GDPR is meant to give consumers control over their data, and companies an opportunity to build trust. One way to facilitate this is that consumers can request to see all the data a company holds on them, and get it transferred or deleted. At any time. The company has to adhere within 30 days.

In the past, companies could charge up to £50 (in the UK) to handle such requests. GDPR dictates that all these requests now need to be fulfilled free of charge. So, companies with automated or semi-automated solutions and processes have a clear advantage, as they save time on every request. But at the basis of such solutions is a solid data inventory system. For clarification: a data inventory is an exact overview of what data is held on which client and where. A solid data inventory is one that is complete and leaves no room for error. Having one in place makes dealing with a transfer/deletion request a lot faster.

Easy, eh?

Unfortunately, in most companies “things” (data) are scattered across a dozen systems. Read about it in our previous blog. But even if companies do have their data organised in a central place, data transfer/deletion requests can be complicated. We learned that many consumers don’t simply want all data exported/deleted— they want to pick and choose. Now, if you’d have to process that manually for each request, the time waste is considerable.

So on our quest to limit time waste, we spoke to many consumers and companies to understand how we could design the best possible interface. For the consumer, it should be as easy has hitting enter, not hopping through privacy policies, email back and forth and getting lost in translation. Hence, as stated above, we first thought that simply giving our users the option to (request to) delete everything would be good enough. But things are never that straight forward, are they? As talks went on, we collected more and more edge-cases— so many in fact, that they became normality.
Some voices we heard from consumers:

Businesses also had their requests:

The above examples show the variety of use-cases we, and every company, has to design for. We realised that if we really wanted this to be good, we’d have to build in a high level of granularity — whilst keeping things simple. We believe we came up with quite an ingenious solution.

“Please forget everything you know about me” in practice

As happens very often, we found inspiration in our past. More specifically, in when we built Management Information Systems (MIS) for enterprises, which allowed decision makers to slice-and-dice through heaps of information, extract some of it, build subqueries and delete sub-sets from bigger sets. See where we’re going with that?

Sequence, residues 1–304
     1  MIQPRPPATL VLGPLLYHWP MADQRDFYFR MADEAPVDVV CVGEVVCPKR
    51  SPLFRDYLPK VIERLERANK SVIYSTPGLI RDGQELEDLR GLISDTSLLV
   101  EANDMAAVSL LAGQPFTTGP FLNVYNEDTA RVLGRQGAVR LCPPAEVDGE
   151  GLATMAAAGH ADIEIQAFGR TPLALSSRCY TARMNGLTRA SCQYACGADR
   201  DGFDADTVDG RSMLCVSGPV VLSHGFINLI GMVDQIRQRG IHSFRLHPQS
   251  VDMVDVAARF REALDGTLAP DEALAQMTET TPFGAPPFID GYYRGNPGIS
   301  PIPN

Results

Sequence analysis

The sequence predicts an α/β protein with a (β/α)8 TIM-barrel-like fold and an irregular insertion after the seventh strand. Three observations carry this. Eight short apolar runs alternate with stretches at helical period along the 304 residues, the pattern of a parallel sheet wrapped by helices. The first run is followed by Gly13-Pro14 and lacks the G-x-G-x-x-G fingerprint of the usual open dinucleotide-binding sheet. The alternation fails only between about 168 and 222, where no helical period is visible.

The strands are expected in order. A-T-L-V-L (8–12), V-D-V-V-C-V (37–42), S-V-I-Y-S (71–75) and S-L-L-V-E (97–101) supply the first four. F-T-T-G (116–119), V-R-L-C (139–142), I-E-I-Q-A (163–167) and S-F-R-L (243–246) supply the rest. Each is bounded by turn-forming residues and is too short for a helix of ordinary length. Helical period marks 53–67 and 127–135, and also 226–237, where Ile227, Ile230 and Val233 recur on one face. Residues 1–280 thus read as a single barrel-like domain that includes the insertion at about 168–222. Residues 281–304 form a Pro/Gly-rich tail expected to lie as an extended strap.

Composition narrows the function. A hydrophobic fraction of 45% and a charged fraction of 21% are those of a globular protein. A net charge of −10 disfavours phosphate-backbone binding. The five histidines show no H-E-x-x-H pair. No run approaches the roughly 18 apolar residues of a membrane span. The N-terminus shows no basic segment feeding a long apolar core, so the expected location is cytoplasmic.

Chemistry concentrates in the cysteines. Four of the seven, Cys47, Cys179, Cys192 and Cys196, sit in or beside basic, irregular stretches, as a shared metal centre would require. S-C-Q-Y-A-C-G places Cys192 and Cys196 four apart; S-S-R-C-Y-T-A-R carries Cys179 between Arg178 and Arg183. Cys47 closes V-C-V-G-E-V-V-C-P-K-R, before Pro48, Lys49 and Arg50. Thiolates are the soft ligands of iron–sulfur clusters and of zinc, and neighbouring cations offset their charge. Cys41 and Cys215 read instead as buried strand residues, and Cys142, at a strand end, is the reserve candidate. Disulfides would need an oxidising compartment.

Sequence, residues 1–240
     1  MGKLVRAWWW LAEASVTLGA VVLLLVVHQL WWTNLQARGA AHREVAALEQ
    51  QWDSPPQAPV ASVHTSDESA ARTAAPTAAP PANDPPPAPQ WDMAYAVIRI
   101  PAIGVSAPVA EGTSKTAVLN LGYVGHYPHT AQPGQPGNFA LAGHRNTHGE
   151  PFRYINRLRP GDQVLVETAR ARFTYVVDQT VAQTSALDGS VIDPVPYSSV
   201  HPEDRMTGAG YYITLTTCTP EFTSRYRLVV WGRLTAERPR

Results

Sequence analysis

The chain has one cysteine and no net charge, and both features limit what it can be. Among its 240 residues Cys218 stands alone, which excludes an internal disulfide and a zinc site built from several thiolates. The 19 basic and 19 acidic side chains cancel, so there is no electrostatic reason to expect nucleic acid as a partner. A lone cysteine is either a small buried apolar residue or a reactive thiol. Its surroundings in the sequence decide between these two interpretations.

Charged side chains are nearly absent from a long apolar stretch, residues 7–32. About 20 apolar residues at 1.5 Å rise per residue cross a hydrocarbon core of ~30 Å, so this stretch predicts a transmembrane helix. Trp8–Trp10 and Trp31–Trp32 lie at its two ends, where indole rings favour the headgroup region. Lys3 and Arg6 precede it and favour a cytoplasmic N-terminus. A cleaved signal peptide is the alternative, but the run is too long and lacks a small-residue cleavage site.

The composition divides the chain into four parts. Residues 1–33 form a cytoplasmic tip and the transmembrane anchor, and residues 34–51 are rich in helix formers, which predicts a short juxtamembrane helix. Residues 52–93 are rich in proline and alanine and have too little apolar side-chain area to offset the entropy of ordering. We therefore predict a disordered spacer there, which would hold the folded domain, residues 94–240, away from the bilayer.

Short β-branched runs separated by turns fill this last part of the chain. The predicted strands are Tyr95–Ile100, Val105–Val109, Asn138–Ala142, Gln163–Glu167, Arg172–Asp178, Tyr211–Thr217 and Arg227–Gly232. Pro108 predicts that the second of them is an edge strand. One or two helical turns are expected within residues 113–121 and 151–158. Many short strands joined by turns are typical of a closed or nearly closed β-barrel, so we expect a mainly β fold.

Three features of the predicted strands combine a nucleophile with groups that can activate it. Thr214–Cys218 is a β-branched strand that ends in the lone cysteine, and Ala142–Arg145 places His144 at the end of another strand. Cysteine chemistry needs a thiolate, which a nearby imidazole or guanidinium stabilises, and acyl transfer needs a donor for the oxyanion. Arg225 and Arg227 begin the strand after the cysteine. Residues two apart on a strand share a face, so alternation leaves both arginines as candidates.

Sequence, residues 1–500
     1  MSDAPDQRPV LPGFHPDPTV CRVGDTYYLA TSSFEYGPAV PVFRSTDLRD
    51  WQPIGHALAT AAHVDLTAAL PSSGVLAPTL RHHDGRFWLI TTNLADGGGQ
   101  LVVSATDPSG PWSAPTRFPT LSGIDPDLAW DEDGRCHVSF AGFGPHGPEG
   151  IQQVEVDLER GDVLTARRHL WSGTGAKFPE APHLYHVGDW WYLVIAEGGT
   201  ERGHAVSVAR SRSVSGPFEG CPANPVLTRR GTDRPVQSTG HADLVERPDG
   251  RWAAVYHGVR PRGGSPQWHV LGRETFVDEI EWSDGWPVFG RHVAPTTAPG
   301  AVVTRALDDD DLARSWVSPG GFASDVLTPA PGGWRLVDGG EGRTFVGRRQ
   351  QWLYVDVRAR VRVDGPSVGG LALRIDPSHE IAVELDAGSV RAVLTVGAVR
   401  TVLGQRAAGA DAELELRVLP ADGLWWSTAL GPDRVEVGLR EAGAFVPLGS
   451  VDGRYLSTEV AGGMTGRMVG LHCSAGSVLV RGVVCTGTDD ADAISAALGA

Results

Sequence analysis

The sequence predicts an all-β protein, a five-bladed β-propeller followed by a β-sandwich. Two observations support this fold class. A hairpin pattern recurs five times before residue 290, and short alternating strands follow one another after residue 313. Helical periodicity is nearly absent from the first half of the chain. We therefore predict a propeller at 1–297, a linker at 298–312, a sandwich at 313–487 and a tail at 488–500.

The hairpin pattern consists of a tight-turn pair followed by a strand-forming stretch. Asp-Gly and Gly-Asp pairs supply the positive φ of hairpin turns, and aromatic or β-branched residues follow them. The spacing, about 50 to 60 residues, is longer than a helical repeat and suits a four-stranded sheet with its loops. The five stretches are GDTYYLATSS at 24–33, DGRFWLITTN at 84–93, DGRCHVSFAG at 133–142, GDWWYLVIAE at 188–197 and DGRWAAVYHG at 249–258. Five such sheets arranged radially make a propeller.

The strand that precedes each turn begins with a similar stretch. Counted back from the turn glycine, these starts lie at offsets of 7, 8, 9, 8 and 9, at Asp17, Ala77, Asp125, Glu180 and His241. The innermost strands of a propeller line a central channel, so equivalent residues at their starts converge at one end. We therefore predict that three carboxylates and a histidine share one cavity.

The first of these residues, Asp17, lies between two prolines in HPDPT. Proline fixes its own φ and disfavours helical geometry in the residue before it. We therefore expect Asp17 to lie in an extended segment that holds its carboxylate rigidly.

So for once, enterprise inspires startup - kind of. But well, it ain’t stupid if it works, is what our uncle used to say. 🧐

So this is what we built:

Teebly users can easily see, export and delete data we hold about them. Down to the single message.

When requesting a data transfer, Teebly users can filter by the company they interacted with, the type of information exchanged, date ranges and other specifics.

The deletion process works the same, with the slight difference that we notify the company about the deletion request and ask them to confirm that they have deleted the respective data on their end. They are also asked to select which of the documents and messages are required to be archived by law. We’ll explain a bit more in detail how we handle PII deletion in another post in the future.

In conclusion, the Teebly platform now includes a simple, hassle-free and (almost) fully automated solution for clients to manage their data. It covers the new regulations’ right of information, right to be forgotten, transfer of data and consent management. Uncomplicated and straightforward for companies and their clients, as it should be in the 21st century. If you’d like to see more of where that came from, go to We also give demos!


We’d ❤️ to hear what you think about this. We’re always looking to learn and improve, and are curious what your experiences are with designing for GDPR. What are you facing when it comes to interface and data structure design, and how did you implement the use cases mentioned? Find us in the comments or via — we’re always up for a good discussion.

Thanks for reading!

The Teebly Team.

P.S. If you know someone who would benefit from reading this, please do forward!

Do you have questions about GDPR in your firm? Drop us a message at or via We’d love to have a chat.